Don’t feel like writing right now? Or maybe you don’t have the time? Or maybe you’re just blocked as all get out at the moment? Whatever the case, there’s no reason you can’t still use what time and motivation you do have to feel productive about your writing—because “writing” is really about a whole lot more than just the writing.
I’m often asked if “write everyday” means you actually have to, you know, write every day. What about all the other important tasks you have to accomplish as a writer? What about outlining, researching, note-typing, editing, proofreading, browsing Pinterest, and all that other vital stuff?
First off, everybody’s mileage varies on this. However much writers sometimes want there to be Ten Commandments of How to Be a Writer, there really aren’t. There’s only what works for you and what doesn’t. But for my money, any task that is directly contributing to the creation of a story counts as “writing productivity.” This includes all prep work such as outlining and researching, and all editing work including proofreading. (Personally, I do not include publishing and marketing efforts in this category, since they’re more about product production than story creation.)
This broadening of the definition of “writing” to include all parts of the creation process is, I think, valuable for several reasons.
For starters, it eliminates one of the many possible self-recriminations with which writers like to flagellate themselves. We put so much pressure on ourselves. We tell ourselves we must write so many words a day, so many days a week (and they better be good words), or we’re failures. But realistically, daily productivity is about much more than just high word counts. In fact, sometimes the reason the words won’t come is because we haven’t put in enough time on other parts of the process.
Second, it allows us to better manage our time and energy. Sometimes it’s hard enough to find a solid chunk of writing time every day, much less additional time for the outlining, researching, editing, and Pinterest browsing. This is why I recommend devoting your daily writing session to whichever single part of the process you’re currently working on. If you have two hours a day set aside to work on your book, then you’ll use that time for outlining when you’re in outlining mode, research with you’re in research mode, and writing when you’re in writing mode, etc. This helps you better organize your process, combats the distraction of “monkey mind,” and takes away some of the pressure of thinking you have to “do it all.”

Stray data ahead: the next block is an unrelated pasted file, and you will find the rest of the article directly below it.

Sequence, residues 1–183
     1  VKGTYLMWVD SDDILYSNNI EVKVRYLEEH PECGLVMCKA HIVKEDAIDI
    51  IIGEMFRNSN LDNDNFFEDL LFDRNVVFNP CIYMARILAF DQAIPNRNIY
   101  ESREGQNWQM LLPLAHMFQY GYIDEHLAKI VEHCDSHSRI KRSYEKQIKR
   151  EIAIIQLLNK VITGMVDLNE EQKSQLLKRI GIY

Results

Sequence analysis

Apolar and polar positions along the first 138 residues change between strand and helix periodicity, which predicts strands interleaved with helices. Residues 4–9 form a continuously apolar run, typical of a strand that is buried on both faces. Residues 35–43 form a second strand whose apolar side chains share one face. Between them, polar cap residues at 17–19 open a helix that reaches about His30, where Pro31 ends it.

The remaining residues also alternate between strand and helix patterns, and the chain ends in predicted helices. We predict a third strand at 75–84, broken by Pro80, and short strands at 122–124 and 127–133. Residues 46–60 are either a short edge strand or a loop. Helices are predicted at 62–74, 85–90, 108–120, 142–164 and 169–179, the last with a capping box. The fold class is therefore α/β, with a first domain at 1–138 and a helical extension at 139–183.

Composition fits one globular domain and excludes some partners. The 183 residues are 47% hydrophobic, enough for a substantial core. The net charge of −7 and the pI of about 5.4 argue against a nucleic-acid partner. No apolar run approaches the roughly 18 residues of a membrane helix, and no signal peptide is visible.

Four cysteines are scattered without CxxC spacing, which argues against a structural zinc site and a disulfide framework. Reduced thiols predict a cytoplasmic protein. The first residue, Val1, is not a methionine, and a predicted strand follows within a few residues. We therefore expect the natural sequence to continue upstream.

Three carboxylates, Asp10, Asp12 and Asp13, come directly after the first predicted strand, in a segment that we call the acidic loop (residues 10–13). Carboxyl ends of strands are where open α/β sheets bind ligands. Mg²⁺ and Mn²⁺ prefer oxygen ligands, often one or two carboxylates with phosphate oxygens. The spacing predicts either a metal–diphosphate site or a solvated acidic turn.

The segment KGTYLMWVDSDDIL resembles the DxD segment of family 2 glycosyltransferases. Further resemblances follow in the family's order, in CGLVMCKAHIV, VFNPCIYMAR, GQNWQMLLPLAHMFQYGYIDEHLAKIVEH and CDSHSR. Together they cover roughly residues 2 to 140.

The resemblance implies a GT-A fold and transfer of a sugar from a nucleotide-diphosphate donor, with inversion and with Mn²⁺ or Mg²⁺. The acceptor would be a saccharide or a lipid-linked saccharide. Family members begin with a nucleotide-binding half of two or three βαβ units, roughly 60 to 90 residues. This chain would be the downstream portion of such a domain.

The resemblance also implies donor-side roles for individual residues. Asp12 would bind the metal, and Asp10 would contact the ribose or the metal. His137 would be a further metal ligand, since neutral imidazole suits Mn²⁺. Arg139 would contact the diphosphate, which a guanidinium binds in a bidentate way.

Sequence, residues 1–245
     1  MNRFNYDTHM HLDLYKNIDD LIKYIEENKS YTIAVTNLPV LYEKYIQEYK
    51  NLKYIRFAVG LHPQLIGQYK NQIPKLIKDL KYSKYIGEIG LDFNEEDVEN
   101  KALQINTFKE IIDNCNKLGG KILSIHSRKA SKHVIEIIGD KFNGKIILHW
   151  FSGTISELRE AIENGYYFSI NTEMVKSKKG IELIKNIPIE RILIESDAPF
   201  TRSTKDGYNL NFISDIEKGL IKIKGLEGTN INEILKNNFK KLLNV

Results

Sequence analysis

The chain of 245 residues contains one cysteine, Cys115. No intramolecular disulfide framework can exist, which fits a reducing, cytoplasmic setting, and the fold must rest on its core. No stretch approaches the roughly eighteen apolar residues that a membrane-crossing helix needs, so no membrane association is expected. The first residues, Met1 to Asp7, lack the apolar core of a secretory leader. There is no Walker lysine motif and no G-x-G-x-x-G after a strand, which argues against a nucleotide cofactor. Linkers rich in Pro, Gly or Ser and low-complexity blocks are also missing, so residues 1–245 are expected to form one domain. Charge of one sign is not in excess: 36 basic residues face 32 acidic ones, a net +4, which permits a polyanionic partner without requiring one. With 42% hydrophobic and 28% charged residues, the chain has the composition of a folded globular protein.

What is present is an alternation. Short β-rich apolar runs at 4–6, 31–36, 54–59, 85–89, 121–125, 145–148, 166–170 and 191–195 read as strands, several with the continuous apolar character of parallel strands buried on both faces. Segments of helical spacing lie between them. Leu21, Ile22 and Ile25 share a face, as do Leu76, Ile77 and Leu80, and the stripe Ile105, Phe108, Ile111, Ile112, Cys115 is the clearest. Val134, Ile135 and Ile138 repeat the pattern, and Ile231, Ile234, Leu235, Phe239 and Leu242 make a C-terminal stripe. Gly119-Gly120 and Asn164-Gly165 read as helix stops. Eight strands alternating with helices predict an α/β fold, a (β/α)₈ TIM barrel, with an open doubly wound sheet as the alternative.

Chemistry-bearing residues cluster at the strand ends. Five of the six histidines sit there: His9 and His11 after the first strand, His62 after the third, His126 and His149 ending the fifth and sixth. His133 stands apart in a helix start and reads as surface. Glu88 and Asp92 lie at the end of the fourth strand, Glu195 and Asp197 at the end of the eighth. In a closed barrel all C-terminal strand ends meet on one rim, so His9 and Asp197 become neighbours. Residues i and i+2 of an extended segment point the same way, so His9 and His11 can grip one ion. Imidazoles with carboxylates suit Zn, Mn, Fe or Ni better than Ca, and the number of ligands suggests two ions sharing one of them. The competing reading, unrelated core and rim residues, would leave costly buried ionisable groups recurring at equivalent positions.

Finally, recognizing the equal validity of necessary “non-writing” tasks can allow you to tap into a powerful feeling of productivity even when you’re not lining up words on the page. This realization can be especially valuable in times when you don’t feel like writing, for whatever reason—as many people don’t in these ongoing weeks and months of quarantine.
15 Productive Things You Can Still Do When You Don’t Feel Like Writing
I have to admit I haven’t done much fiction writing these last weeks. But I’ve shown up at my desk every single day and moved the needle on my story projects in some way. I may not be tallying record word counts, but I feel good about what I’m doing because a) I enjoy it and b) I know I’m contributing to my ability to write later on when the time comes.
If you find that you don’t feel like writing right now—or perhaps that you just know there are other things you need to do first in order to be able to write—here’s a list of important writing tasks you may be more in the mood for. Not only can you honor your own energetic needs of the moment, you can do so without slackening your productivity and in a way that still lets you foster a daily habit of showing up at the desk and stewing in your story juices.
1. Journal About Why You’re Personally Blocked
Sometimes there’s a lot to be said for making yourself sit there and stare at the blinking cursor until finally the words come. But sometimes the more productive route is to stop long enough to figure out why the words aren’t coming....